What’s that? Ah, I can save up to 50% on select items on Daraz? But I don’t need anything from the bundle!
Hm? Wait, what? I don’t care if my friends posted a Facebook story!
What now? Are you kidding me? No, I’m not interested in joining r/funny, Reddit. Lay off me!
Technology has made our lives simpler and easier, there’s no argument there. With the simplicity it brings to the table, comes unnecessary interferences too. Though Android has come a long way to managing our phones to prevent it from a flush of annoying notifications, let’s admit it, we’re pretty much hooked on to our phone for hours on a daily basis. Google thinks and rightly so, that such a habit is ruining people’s personal life. To counter this, it introduced the “Digital Wellbeing” feature alongside the launch of Android 9.0 (Pie) back in 2018.
It’s an initiative by Google to help users track their smartphone usage and hopefully achieve personal wellbeing goals. Additionally, the company is also putting its foot down by mandating all Android phone manufacturers to include the Digital Wellbeing app on their devices. Now, Google is doubling down on this initiative as it launched 5 new apps under “Digital Experiments” banner to shield you from unnecessary distractions and keep you reasonably distanced from your phone.
The original Digital Wellbeing was embedded into the Settings menu and it included functionalities like:
- A Dashboard that shows your total smartphone usage time (including individual apps)
- An option to set “App Timer” which would prompt the app to be non-functional for the day if used up to the set time duration
- “Wind Down” for keeping you relaxed and undisturbed at night
I’ve been using Digital Wellbeing from the day it came out and I admit that it has helped me from getting distracted to a certain extent. However, it seems that not many people are making use of the feature as Google would like. Thus, the company has launched 5 dedicated apps with a similar premise of Digital Wellbeing.
Also read: Google Pixel 4XL Review
Apps on Digital Experiments
Do you frequently unlock your phone, be it to check the time, use a certain app, or to avoid awkward situations like me? Well, Google has an app against that. “Unlock Clock” is a live wallpaper app that updates your phone’s home screen with the number of times you’ve unlocked your phone during the day. Though Digital Wellbeing could already show the same data, this is an in-your-face approach to remind you how often and possibly unreasonably you take your phone out of the pocket.
You’re greeted with the unlock number on a giant font on a pale gray background. Google could’ve gone with a subtler approach about displaying the count, but this could be much more effective I think. A large number blaring at you, showcasing your dependence on the machine could very well be the formula to get people to stop using their phones at all times.
I’ve already discussed how annoying and inconsequential notifications on your phones can get. Well, Post Box looks to face that problem head-on. Basically, it is a notification scheduler app that bundles-up all your phone’s notifications and shows it to you on the set time.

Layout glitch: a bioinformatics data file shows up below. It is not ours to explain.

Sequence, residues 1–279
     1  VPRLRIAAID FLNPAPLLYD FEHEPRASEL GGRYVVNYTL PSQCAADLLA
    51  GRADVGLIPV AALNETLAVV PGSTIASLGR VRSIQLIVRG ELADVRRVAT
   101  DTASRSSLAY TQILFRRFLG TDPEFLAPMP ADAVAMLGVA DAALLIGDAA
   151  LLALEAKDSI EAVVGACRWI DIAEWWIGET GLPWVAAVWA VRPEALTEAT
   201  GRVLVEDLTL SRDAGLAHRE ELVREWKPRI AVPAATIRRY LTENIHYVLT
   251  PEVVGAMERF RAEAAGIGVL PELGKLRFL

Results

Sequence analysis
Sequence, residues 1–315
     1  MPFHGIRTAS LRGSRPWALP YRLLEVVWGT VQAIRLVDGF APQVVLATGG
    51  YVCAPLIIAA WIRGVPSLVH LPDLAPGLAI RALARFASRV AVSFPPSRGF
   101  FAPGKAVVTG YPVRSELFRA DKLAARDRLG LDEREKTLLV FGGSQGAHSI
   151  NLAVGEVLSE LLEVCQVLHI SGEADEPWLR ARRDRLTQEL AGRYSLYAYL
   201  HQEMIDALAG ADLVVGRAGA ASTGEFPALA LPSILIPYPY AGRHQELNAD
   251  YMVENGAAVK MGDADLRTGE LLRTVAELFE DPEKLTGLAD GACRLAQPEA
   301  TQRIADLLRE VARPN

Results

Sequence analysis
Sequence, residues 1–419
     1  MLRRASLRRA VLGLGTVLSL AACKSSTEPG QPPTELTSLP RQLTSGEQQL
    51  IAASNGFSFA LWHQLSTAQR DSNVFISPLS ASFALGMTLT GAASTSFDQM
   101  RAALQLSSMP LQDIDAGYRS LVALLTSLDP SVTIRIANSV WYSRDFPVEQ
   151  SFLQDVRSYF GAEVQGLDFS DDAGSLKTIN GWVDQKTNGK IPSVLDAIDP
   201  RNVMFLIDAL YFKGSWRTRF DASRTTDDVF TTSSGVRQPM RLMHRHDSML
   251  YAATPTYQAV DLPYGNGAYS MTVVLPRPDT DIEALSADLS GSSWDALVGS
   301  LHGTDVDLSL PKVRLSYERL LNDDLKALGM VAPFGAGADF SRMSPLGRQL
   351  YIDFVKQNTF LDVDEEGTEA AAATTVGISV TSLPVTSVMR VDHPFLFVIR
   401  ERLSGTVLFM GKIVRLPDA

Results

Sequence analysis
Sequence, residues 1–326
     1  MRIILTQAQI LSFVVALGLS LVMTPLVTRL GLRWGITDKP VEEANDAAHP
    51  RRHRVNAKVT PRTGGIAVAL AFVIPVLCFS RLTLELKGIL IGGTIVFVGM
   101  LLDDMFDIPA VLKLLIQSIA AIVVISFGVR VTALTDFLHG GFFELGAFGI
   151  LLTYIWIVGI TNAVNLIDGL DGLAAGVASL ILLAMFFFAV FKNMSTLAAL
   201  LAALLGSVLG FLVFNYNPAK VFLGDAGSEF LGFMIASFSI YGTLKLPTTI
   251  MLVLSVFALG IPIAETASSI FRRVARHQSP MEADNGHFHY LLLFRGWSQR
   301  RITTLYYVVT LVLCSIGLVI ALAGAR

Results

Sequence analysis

As you can see, it’s a simple app that groups all your notifications. The UI is pretty minimal (which is the point of all these apps) to my liking. It prevents your phone from buzzing time & again and allows you to stay vigilant and active in your life rather than have you check up on your phone periodically.
Smartphones have also degraded the quality of group gatherings. People are glued to the screen of their phones rather than engage in conversations with others. Wow, that may be the most boomer sentence ever! We Flip is Google’s attempt to minimize the use of phones when you’re in company. It connects all the phones in the group and turns on the “Do Not Disturb” mode in all of them. When anyone unlocks his/her phone, the session ends for everyone.
However, it seems that the app isn’t fully polished since I received a “Connection Error” message when trying to pair with other phones.
Another app on the list is titled “Desert Island”. As the name implies, the app deserts absolute connection to your phone, by limiting your access to a handful of apps from the entire library of them. Here, you get to select 7 of them to use during the day. After selecting the desired apps, your previous launcher is changed to Desert Island, which has a minimal UI with the list of selected apps.
This is a tough one, I know. How do you limit yourself to only 7 apps when you’ve spoiled yourself by installing 100s of them on your phone? In case of an emergency, you can use other apps by clicking on the tree icon on the top right. But give it a go and see how long you can last being jailed on your own device.
By looking at the name, what do you think this one does? Shapeshift like Mystique from X-Men into other apps? Not quite. Rather, it lets you assign various modes/premises your phone will be in and morph your phone accordingly.
Here, I’ve added two modes. I’ve assigned time and day schedule to both of them and selected some apps which I’ll be using during that time. Morph seamlessly transitions your phone from one state to another depending upon the time of the day. Similar to Desert Island, Morph is a launcher app that gives you just the right apps, at just the right time.